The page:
WASHINGTON — The United States urged China on Jan. 19 to press North Korea’s new leader to exercise restraint, saying that South Korea would face “enormous pressure” to respond to any provocations.
Kurt Campbell, the top U.S. diplomat on Asia, admitted that little was known about North Korea’s young leader Kim Jong-Un and warned that “provocative steps have the risk of triggering deeply unforeseen consequences.”
“We need to handle the situation with the greatest care and we expect China in their deliberations with North Korea to ensure that that message is deeply understood,” Campbell said at the Stimson Center think-tank, echoing remarks made on a tour of East Asia earlier this month.
North Korea in 2010 shelled an island in the South and was accused of torpedoing a warship, incidents that killed 50 people and which some analysts saw as a way for young heir Kim to prove his mettle.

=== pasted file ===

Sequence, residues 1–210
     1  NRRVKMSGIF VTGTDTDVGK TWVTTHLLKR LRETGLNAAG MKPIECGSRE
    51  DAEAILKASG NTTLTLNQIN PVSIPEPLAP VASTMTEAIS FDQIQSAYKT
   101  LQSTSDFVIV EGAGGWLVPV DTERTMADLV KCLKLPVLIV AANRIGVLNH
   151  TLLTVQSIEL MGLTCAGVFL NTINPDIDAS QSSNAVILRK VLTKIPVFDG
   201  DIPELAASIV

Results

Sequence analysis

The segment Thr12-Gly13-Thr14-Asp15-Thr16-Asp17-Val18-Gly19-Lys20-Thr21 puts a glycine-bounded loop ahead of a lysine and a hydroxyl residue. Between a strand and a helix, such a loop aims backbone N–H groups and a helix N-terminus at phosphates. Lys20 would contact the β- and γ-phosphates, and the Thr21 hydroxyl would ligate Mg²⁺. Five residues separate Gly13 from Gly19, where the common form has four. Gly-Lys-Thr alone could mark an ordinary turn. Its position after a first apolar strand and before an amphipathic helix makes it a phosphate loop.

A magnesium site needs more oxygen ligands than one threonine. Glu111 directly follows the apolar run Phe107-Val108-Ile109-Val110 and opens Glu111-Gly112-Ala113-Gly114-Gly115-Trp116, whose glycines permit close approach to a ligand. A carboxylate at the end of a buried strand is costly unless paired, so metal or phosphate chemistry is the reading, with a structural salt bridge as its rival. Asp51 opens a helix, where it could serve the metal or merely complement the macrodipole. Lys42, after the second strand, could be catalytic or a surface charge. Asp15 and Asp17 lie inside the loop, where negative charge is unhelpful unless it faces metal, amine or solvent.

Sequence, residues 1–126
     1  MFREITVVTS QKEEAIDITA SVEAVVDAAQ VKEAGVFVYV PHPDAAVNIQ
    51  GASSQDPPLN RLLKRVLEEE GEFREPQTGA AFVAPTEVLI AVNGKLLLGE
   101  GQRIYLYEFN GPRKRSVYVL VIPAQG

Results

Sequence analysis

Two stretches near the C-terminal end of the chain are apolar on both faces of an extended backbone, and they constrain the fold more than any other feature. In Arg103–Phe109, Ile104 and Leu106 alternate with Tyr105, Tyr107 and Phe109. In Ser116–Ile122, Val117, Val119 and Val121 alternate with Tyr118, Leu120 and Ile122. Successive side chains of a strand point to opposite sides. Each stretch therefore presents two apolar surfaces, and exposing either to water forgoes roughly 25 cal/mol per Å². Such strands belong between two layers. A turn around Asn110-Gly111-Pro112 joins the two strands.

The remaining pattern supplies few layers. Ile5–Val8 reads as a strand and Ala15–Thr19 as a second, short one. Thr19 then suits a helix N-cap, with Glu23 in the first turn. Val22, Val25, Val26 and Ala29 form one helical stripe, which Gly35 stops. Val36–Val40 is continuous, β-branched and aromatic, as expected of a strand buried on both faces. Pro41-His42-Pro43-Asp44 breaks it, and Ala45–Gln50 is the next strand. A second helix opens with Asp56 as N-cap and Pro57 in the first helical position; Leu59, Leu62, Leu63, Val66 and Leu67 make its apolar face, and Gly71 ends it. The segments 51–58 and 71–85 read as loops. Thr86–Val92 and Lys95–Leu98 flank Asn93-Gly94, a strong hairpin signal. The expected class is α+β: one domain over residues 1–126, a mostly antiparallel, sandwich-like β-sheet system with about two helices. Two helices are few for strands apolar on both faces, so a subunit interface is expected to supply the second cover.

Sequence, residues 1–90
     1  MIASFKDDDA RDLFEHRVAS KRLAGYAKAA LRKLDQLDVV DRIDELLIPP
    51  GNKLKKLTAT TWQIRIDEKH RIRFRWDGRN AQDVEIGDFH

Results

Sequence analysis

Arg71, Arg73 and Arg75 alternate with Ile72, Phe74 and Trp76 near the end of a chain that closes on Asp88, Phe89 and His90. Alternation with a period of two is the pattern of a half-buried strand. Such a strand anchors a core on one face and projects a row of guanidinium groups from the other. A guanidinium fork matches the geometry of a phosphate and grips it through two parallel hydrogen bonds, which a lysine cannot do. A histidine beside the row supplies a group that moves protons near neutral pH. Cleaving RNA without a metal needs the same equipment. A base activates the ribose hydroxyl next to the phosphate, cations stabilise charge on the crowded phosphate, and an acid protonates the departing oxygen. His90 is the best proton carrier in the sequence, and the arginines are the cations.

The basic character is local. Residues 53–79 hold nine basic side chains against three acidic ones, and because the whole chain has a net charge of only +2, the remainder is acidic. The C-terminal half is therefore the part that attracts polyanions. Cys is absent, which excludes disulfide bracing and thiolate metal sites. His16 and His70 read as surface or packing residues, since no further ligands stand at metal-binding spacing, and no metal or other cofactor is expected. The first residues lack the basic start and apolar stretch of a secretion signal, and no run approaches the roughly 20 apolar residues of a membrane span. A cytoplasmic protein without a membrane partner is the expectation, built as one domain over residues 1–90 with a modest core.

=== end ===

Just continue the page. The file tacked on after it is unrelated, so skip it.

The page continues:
Campbell, an assistant secretary of state, said that South Korean President Lee Myung-Bak, a close U.S. ally, showed “remarkable restraint” after the deaths.
“But their leaders have made clear that they’ve reached a point that if they faced further provocations, they would have enormous pressure to respond.
And we understand that,” Campbell said.
China is the closest ally of isolated North Korea, although Campbell said that even officials in Beijing were in the dark about Kim Jong-Il’s Dec. 17 death until North Korean state television announced the news two days later.
Kim’s death threw into flux U.S. plans for fresh diplomacy with North Korea, including a possible resumption of American food assistance to the impoverished state and more formal talks on ending Pyongyang’s nuclear program.
“We have made clear through both public channels and privately that we are prepared to start a new chapter to deal clearly with outstanding issues of nuclear matters and the like,” Campbell said.
Campbell met Jan. 17 with senior officials from Japan and South Korea to coordinate action. In a statement, the countries urged North Korea to recommit to past agreements to end its nuclear program.